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- Order Summary
HOW DID YOU GET STARTED IN PHOTOGRAPHY?
I bought my first DSLR (Nikon D3000) when I was planning my first trip to Europe. I wanted my photographs to be my souvenirs from my trip. After I came back, I just kept shooting. At the time it was mostly landscapes and sunsets, but my happy place was getting up early or driving somewhere remote to photograph. Shortly after Europe, I was working a full time job, interning part time, and going to school for marketing. I was miserable and getting burnt out at the ripe age of 19. So I began to research trips to New Zealand since it was the number one place in the world I wanted to travel to. I found a US company that was looking for a photographer and blogger and in exchange they would provide free transport around both islands. I submitted my landscape portfolio of Europe and New England and to my surprise they accepted me. I instantly quit my 9-5 job, stopped pursuing my business degree, and bought a plane ticket to New Zealand. When I landed in NZ and told people I had just quit my job, internship, and school, instead of being ridiculed and shamed, it was the first time people were supportive and positive telling me that I did the right thing and that I should find a job that I actually liked instead. After I came back from New Zealand, I was invigorated and inspired to start living life I enjoyed which led me to start pursuing a degree in Marine Biology. One night after studying for midterms and drinking a half a bottle of wine, I put on some music to decompress and thought to myself “I wish I could just travel the world and photograph my favorite bands.” So I randomly decided to email my favorite musician, Frank Turner, and asked if I could photograph him at his next performance. Much to my surprise he replied back to my email and said he’d be happy to have me and there would be a press pass with my name on it at will call. That started my true photography career and I went on to photograph a bunch of different bands and festivals and eventually dipped into photographing the high-end nightclub scene in Boston - which in hindsight I will say was great training for wedding receptions. A few months later, I met a wedding DJ who suggested that I try to photograph weddings. I remember laughing at him and shaking my head “No way!” In spite of my original apprehensions about photographing weddings, I am so happy I took on the first wedding that came my way and had such a strong support system who encouraged me to pursue wedding photography as a full time job. I never in my wildest dreams thought this would be my life and now I cannot imagine living any other way or doing any other job.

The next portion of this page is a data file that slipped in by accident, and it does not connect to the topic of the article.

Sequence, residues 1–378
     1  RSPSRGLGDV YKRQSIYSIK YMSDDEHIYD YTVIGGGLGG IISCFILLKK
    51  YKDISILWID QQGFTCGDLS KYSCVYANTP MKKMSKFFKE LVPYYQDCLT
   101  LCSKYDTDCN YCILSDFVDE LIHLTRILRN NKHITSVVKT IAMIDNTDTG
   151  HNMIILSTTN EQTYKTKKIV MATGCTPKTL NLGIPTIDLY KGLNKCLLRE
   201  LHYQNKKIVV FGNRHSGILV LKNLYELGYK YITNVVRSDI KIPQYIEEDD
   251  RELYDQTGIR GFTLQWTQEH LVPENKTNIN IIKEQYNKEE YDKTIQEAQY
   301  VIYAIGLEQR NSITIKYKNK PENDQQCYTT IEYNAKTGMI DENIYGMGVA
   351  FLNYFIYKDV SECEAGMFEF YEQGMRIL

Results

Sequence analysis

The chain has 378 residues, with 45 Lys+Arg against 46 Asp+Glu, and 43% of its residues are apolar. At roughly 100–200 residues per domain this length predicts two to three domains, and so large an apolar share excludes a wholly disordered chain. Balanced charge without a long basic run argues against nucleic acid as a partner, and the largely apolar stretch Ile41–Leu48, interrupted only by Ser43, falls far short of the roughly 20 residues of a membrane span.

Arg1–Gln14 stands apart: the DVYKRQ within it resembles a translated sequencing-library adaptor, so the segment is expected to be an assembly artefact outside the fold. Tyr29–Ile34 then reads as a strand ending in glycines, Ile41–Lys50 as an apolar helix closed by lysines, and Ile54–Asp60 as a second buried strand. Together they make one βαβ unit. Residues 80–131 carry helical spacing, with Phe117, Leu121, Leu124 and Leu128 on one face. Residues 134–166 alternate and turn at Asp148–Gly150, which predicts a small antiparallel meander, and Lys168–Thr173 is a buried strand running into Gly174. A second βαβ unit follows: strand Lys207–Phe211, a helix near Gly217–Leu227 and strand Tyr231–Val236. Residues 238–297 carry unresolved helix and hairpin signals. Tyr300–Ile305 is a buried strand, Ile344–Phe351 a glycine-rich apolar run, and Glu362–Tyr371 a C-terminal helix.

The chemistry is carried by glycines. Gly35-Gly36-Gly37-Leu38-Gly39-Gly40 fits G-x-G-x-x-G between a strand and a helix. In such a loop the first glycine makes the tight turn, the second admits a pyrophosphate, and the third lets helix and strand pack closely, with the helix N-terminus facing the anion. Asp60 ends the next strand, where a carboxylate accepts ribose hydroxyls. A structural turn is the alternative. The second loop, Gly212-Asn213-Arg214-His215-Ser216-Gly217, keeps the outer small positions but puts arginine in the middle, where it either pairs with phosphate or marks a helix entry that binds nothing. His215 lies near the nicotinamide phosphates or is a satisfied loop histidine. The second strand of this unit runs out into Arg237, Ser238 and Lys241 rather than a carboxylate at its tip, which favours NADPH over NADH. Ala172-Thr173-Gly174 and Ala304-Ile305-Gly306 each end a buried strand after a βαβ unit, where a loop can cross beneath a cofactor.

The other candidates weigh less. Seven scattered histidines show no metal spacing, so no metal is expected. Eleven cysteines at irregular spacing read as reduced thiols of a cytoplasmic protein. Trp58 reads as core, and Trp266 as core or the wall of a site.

HOW WOULD YOU DESCRIBE YOUR STYLE?
Creative photojournalism. I want my images to be fun and fresh and reflect my couples personalities and style.
WHAT DO YOU LOOK FOR IN AN IMAGE?
When creating images I look for one of three elements: dope light, symmetry, or emotion and then we go from there. My personal favorite images are ones that have all three. When viewing an image, I want the viewer to feel what was going on in the image. For example, that could be joy from the subjects in the image because they are walking down the aisle after their ceremony or wonder/curiosity because the viewer paused to think how that image was created.